Library Book of the Week

(This isn’t going to seem like a book review, but it’ll get there.)

For one of the birthdays in my early twenties — I know it wasn’t when I turned 21, so perhaps 20 or 22 or 23 — my future husband took me for a morning in the museum and then presented me with lots of little presents: a bottle of my favorite moisturizer, treats from one of my favorite places, and a videotape.

The videotape was of Bob Guccione‘s production of Caligula.

(Yes, that sucking sound you heard was the remaining decency of this blog fleeing for its life.)

Throughout my high school years, I was a voracious reader of anything and (almost) everything of Gore Vidal’s.  I haven’t read anything from him in more than ten years, and I keep meaning to, because I thought he was a pretty good stylist and I want to see if my taste at age sixteen (I thought Myra Breckinridge was hilarious) matches my current taste (I think Mark Helprin and Nicholson Baker are the two best living American writers).

So, Vidal wrote the screenplay for the Caligula movie, and I was a little bit obsessed with the whole idea.  Why did Gore Vidal ever agree to do a movie with Guccione?  Why did Helen Mirren (!!) and Sir John Gielgud (!!!) agree to be in this movie?  (To be honest, I never wondered why Malcolm McDowell or Peter O’Toole agreed to be in the movie.)  On an abstract level, I wanted to know how bad the movie was.

On an abstract level.

But, of course, there I was with the videotape, probably purchased because my future husband was tired of hearing me talk about some movie I’d never seen, and (as I recall) he forced me to watch it without any breaks, though I think he may have relented at a point or two to allow me to cover my eyes.  Needless to say, the movie is everything I thought it would be and more: bad writing, bad acting, scenes with great actors having a dialogue spliced together with some Penthouse Pets doing things I really didn’t ever want to know about.

I do recommend this review, if only for the following quotes: “Personally, the only real problem I have with the movie is that it doesn’t really build any character development” and “It’s a wonderful film with a great message, and people just don’t take the time to understand it.”

I’d also like to add the following quote, of my own, which I believe I say every time I have a story about my husband: “Yes, I still agreed to marry him.”

Anyway, the only reason I ever saw that movie is because of Gore Vidal.  Which is perhaps why I haven’t read a book of his in over a decade.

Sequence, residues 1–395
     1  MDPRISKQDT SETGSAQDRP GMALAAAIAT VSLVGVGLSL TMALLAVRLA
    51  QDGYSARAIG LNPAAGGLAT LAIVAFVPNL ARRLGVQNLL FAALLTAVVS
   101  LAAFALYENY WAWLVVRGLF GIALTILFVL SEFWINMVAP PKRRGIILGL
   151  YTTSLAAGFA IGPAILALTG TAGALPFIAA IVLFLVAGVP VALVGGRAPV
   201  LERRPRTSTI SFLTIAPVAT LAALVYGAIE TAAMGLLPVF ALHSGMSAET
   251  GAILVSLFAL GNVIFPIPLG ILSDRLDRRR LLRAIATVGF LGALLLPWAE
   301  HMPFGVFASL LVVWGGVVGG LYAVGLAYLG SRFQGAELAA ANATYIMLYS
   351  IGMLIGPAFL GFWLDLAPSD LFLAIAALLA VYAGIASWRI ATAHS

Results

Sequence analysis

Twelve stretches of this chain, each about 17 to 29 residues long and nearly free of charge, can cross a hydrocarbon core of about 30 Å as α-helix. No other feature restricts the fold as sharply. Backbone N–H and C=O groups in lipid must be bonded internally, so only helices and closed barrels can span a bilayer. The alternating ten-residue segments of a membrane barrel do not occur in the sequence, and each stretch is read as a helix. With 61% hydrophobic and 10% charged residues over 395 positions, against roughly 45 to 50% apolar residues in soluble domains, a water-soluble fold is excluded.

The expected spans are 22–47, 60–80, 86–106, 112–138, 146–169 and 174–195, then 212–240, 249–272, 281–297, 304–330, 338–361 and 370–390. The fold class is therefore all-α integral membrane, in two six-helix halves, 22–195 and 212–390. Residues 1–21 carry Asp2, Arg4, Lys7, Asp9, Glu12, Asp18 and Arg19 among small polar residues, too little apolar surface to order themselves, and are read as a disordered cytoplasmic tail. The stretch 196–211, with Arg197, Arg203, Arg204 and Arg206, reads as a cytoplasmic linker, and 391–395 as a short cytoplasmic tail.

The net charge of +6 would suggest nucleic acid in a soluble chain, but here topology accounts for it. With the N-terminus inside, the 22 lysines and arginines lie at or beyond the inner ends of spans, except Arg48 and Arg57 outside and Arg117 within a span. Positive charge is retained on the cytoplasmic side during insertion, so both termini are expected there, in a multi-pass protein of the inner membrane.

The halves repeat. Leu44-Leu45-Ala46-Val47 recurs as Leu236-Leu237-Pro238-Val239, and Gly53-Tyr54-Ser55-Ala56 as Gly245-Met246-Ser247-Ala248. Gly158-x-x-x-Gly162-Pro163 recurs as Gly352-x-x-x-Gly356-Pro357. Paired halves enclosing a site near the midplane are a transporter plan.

But I also have Gore Vidal to thank for introducing me to Louis Auchincloss.  I always had that vague “Isn’t Auchincloss some distant cousin-by-marriage to Vidal” impression, and I kept putting off reading Auchincloss because I felt I should read some more Edith Wharton before I read him.  But then he died, and there was a whole display of his books in the library, and I couldn’t very well say no to him, so I took the shortest book in the pile, and it was this one.

Last of the Old Guard is a short novel, narrated by a partner in a law firm, telling the story of how he and his (much more talented) law partner founded their firm in the late 1800s, managed work and family with varying degrees of success, and fought against a tide of change at the end of their lives and careers.  Is it the best book I’ve ever read?  No.  Was it hard to put down?  Yes!

Let’s put it this way: if you’d like a much-easier-to-read Henry James, except with characters inhabiting the world of Edith Wharton and not Americans in exile, then Auchincloss is the writer for you.  Did you read Cheerful Money or The Big House and feel that there weren’t enough Wasps?  Me too!  Join me as I raid the closed stacks for everything Auchincloss ever wrote!  (Trust me, none of that is sarcastic.  I could watch movies like The Winslow Boy all day long.)

Indians Object to State Seal

The state Commission on Indian Affairs has voted unanimously to support legislation that would remove the “sword-of-Damocles-held-by-a-disembodied-arm” on the seal of the Commonwealth. 

The argument for removing the sword is that it’s pointed down, towards the Indian.  (The sword was originally put there as a reminder that we won our independence through the American Revolution.  I think it looks a bit creepy.)

(You can find more about the history of the great seal at the Secretary of the Commonwealth’s website.)

I didn’t see this in the Telegram.  In one way, that’s disappointing: I’m sure there are plenty of us who feel one way or the other and would want to contact our state legislators about this.  But, in another way, at least it’s one less opportunity for wacky comments on the T&G website…